UPPER-CANADA-L ArchivesArchiver > UPPER-CANADA > 2007-01 > 1170215689
From: Sharon Haggerty <>
Subject: [UPPER-CANADA] Bernard REYNOLDS: c. 1793 - 1864
Date: Tue, 30 Jan 2007 19:54:49 -0800
I am trying to fill in some gaps in the life of my ggg grandfather, Bernard Reynolds, a native of County Leitrim, Ireland. His wife Mary was also a Reynolds.
The Perth Courier published the following notice of Bernard's death, January 22, 1864, p.3:
"Died at his residence in Bromley, on the 8th inst., Bernard Reynolds, aged 71 years. For the last 20 years he had been a resident of Bromley, where he held several offices of trust. He leaves a large circle of friends to mourn his loss."
(Source: http://www.rootsweb.com/~onlanark/NewspaperClippings/Spencer/PerthCourierSeven.htm ).
If the 20 years is correct, this means the family must have settled in Bromley (Renfrew county) about 1844. The land records for Lot 15, Third concession reveal that Bernard purchased the land 18 March 1851. Bernard's will was dated 14 December 1863.
In Founding Families of Bromley Township, Carol Bennett McCuaig notes that "Barney Reynolds" was one of the first teachers at Connaught School, along with Mick Mulligan. Connaught School was united with another school in 1848 (McCuaig, 1996, p. 17). She also notes that Ann Dooner (1811-1889), wife of Francis Carty of Brudenell, was a native of County Leitrim, Ireland (p. 67). Bernard Dooner, whose wife was a Winnifred Reynolds, may have been a brother or cousin of Ann; as well, Winnifred may have been a sister or cousin of either Bernard or Mary Reynolds. The same first names were common in both the Dooner and Reynolds families. I suspect the Dooners and the Reynolds knew one another in Leitrim and deliberately settled in the same part of Canada when they immigrated. McCuaig notes that the Dooners lived in Pakenham, Lanark county, before coming to Bromley. I also suspect this may be where Bernard and his family first settled given that Bernard's death was reported in the Perth newspaper.
I also found at: http://www.rootsweb.com/~onlanark/histdoc/Lest_We_Forget_4.htm the following excerpt from the Perth Courier of June 21, 1935 concerning "SS #15, Drummond, on the Scotch Line" (unfortunately, there is nothing to indicate just when these "early teachers" were teaching in Drummond--could the teacher named Reynolds have been my Bernard?):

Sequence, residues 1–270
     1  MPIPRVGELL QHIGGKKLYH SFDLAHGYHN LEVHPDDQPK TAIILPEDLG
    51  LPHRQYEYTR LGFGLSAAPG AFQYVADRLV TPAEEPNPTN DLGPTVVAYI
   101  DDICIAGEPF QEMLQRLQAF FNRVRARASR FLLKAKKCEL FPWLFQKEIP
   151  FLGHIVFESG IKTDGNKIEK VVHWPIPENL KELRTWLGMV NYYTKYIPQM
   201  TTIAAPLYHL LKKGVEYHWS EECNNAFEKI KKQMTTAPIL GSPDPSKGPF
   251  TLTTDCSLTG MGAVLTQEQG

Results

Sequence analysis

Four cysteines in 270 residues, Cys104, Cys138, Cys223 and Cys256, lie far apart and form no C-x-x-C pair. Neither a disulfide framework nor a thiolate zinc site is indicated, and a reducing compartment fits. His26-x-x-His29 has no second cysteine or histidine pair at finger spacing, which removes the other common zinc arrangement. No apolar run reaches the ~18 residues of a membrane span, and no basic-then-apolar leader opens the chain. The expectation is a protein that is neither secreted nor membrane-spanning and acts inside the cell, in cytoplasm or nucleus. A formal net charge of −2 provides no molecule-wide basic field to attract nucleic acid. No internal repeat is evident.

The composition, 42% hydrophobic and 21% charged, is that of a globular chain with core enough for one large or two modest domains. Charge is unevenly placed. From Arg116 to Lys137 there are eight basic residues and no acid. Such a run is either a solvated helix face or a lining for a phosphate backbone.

Peter McIlquham and James McLenaghan of Drummond vividly recall their early childhood school days. They tell of the games played, the pranks performed, the fights in the school yard, the reading, the writing, the arithmetic, the hickory stick. The old schools are clear in their memories particularly the second school which they attended. The floor of sided logs with gaping cracks filled with bread crumbs invited the rats to dine upon the refuse. How often would their eyes fill with tears when they dropped the slate pencil and it would disappear between the logs on the floor to fraternize with the rats. Slates were precious and all exercises were worked on them, the exercises being ushered into oblivion by means of spittal and the coat sleeve. Some of the early teachers were: Chrisholm, Cameron, Reynolds, Morgan, Long, Gilespie, York, Stone, Wiley, Thompson and Comrie(?). They were of the old school-rank and fearless-and they always kept to the proverb "spare the rod and spoil the child".
Census records for Bernard's children are not consistent re: birth places of their two youngest children, Edward and Bernard Jr, born in the mid to late 1830s. Some records indicate they were born Ireland; others say Canada. Therefore, we can't be too certain when they left Ireland. The family was Roman Catholic.
My web page on the Reynolds family is at: http://homepages.rootsweb.com/~sharonmh/reynolds/ and my regularly updated complete database is posted at: http://wc.rootsweb.com/~sharonmh
Overall, my questions are:
1. When did Bernard and Mary Reynolds leave Ireland and where did they first settle in Canada? Might it have been Pakenham or elsewhere in Lanark county? Do they appear anywhere in the 1842 census?
2. Could Bernard be related to other Reynolds who lived in Lanark county in the early mid 1800s? I have found in the Lanark list archives reference to the following two women whose maiden names were Reynolds:
Annie McMULLEN (McMILLAN) b. 1839 d. 1925, buried in Poland, Ontario. I know that her parents were Robert McMULLEN (McMILLAN) & Bessy REYNOLDS, but I have nothing on her sibs.
My Thompson family came from Ireland in 1830 and settled in Malakoff, near North Gower. The 12 children of John Thompson and Jane Reynolds have spread all over Canada and the USA.
Could Jane and Bessy Reynolds have been sisters or otherwise related to Bernard? These early Irish immigrants typically following the traditional Celtic naming patterns, so the names of their children can be a valuable clue to relationships. Bernard's known children were (in birth order): John, Anne?, Mary, Margaret, Michael, Winifred, Edward, Bernard, James.
3. Was the early Drummond teacher Bernard Reynolds? If not, what was his name? And regardless, when was he at Drummond?
I would welcome contact with anyone who might have information on these Reynolds and/or other Irish Catholic families who might have some connections to the Reynolds family.
|[UPPER-CANADA] Bernard REYNOLDS: c. 1793 - 1864 by Sharon Haggerty <>|